- Have you recently found yourself sweating at the mention of the "base rate"?
- Do you turn on the TV especially to watch the results of the Bank of England monthly meetings?
If you do, you are not alone! Around 6.5 million of us reckon the last base rate hike is going to leave them struggling to pay the mortgage.
For many of us this could mean a significant change to our lifestyle. If you’ve had your eye on a new car or were looking to update your wardrobe for the summer then increased mortgage repayments could put a halt your plans.
One option for some people is to take the pressure off the day-day expenses with an unsecured loan. The key to getting a good deal on a personal loan is to check what is on offer – if you tie yourself to a poor deal then you could easily find yourself in a worse position than you started in.
How it works
To get an unsecured loan you simply have to show that you can afford to make the repayments with interest. Unsecured loans are generally viewed as a smaller commitment than secured loans, whereby you use your house as collateral against the money you borrow.
So how would an unsecured loan help you to cope with the squeeze on your finances? The loan provider will pay you a lump sum of anything up to around £20,000. With this cash you should be able to take some of the pressure off your usual expenditures by consolidating all your other debts – credit cards, overdraft, etc. – as well as using the money to maintain your current standard of living. Perhaps you could drive that car off the forecourt after all.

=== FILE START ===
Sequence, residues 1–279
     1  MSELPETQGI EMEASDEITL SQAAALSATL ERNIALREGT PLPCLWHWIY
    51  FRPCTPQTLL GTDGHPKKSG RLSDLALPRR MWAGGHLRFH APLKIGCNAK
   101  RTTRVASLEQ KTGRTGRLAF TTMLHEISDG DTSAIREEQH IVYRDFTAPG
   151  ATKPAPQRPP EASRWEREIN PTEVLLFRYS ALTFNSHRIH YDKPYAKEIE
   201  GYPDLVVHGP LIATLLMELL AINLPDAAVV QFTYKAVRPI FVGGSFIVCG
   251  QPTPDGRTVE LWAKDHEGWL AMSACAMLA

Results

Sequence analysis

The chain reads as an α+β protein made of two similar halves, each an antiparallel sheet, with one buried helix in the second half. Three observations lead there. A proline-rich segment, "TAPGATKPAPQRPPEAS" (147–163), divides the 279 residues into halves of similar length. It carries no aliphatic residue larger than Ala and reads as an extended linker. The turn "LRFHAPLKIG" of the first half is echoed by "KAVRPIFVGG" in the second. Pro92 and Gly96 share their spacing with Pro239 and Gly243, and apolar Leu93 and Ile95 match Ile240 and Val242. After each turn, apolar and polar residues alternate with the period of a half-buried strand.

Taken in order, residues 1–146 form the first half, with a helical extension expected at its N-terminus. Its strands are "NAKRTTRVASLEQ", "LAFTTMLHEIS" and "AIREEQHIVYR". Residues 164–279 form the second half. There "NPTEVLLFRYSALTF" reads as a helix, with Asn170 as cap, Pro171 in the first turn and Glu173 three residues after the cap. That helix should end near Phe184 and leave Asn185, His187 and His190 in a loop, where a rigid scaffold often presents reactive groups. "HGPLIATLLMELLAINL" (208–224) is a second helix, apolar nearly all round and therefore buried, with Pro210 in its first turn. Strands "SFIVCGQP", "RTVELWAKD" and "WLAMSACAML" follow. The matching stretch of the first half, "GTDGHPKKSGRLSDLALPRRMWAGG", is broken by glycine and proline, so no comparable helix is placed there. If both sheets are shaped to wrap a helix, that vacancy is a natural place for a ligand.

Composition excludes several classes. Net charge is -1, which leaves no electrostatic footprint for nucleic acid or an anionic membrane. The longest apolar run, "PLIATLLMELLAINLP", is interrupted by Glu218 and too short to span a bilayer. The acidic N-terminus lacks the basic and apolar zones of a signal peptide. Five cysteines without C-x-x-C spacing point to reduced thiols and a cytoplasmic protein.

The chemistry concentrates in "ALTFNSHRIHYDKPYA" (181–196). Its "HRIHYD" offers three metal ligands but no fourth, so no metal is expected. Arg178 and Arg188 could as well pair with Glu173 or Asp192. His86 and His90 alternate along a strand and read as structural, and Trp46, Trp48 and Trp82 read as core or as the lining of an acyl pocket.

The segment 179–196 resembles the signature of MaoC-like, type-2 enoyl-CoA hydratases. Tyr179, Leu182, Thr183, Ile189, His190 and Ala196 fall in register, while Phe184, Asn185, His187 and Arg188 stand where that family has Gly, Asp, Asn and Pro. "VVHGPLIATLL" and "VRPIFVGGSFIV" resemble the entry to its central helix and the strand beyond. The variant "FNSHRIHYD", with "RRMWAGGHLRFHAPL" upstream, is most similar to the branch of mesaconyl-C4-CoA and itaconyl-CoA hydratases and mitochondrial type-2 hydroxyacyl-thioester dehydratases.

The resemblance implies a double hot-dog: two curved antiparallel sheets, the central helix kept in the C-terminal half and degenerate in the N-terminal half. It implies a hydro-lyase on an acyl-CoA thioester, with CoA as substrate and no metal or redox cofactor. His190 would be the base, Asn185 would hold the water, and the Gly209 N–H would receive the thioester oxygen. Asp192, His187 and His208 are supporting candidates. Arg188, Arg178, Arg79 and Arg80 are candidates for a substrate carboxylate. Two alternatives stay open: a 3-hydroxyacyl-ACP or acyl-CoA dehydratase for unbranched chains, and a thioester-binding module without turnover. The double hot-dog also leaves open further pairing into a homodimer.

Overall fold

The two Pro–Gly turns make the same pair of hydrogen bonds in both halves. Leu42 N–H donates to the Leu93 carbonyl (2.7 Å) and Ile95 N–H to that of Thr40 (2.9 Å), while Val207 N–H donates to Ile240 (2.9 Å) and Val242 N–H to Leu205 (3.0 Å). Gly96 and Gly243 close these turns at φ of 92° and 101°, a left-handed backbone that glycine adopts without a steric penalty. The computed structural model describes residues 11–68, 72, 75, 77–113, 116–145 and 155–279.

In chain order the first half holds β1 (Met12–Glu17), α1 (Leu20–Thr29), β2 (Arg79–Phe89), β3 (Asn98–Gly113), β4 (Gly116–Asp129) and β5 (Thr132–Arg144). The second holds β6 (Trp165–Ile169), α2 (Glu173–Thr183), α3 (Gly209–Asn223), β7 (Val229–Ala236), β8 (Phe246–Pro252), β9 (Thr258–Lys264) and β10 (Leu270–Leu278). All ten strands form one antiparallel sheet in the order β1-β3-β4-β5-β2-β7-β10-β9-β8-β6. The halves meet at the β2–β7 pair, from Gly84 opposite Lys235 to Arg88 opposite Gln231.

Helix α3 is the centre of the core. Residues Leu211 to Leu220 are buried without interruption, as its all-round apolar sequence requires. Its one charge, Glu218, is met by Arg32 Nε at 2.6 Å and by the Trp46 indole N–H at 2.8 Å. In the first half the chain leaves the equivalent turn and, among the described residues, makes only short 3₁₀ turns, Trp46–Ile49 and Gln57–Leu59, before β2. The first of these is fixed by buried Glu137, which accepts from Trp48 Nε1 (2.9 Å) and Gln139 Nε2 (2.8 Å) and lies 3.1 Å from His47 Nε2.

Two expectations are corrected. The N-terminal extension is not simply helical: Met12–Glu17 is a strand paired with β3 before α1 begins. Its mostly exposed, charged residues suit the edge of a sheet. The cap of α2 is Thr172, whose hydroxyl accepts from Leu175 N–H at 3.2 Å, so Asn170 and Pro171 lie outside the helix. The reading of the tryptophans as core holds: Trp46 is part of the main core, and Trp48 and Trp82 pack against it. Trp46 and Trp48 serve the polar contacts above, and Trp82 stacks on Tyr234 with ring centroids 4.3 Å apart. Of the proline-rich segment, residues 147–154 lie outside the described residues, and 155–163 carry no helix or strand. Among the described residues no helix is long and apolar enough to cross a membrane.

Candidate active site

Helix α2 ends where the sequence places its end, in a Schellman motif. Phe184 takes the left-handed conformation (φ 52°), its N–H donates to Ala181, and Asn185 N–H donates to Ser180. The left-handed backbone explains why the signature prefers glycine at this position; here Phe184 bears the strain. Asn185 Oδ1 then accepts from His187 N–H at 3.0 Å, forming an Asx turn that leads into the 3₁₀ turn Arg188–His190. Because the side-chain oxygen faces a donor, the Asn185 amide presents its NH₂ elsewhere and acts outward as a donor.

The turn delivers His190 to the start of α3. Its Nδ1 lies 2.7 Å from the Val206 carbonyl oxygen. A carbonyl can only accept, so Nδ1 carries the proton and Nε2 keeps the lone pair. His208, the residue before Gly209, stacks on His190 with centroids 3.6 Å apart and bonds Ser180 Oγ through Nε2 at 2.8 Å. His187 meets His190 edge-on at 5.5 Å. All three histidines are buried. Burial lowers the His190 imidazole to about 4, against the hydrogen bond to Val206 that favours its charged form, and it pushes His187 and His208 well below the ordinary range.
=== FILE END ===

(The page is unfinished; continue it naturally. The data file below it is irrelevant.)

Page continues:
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Get your rate right
Interest rates on loans can vary dramatically, so the key is getting a loan with a low APR. This may sound obvious but few of us actually take the time to work out how a couple of percent difference will affect our monthly repayments.
There are a quite a few lenders out there offering APRs of 9-10 per cent or more. Above nine per cent is not a good deal. Anything around 6.5 per cent is a good rate at the moment.
For example, £10,000 repaid over five years at 9 per cent will cost you £207 a month. The same loan on a cheaper rate of 6 per cent will only cost you 193 a month – if that doesn’t sound much, over the term of the loan the difference is nearly £1,000 in interest repayments.
Black Horse Personal Finance’s 10.9% loan for example will leave you having to pay out £5884.45 over three years for £5,000. If that doesn’t sound too good then Zopa will charge 11.03%, although this is aimed at people with relatively poor credit ratings. Great Universal could charge you as much as 15.9% APR.
Loans with such high APRs normally have features or application procedures which make them more accessible to people on lower incomes or with worse credit ratings. In some cases you’ll need to show you have an income of at least £25,000, but many loans’ application procedures don’t require you to state a minimum income.
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Unsecured short term solutions
A personal loan could help you to meet the cost of living, to consolidate your debts or perhaps to finally afford that big purchase that is slowly getting out of reach as your mortgage payments keep rising.
If you are struggling now it’s important to consider your current mortgage deal and whether it might be possible for you to switch to one at a better rate and to remember that just because it’s an unsecured loan doesn’t mean to say providers won’t hold you responsible if you can’t meet repayments. In short, only borrow what you can afford.
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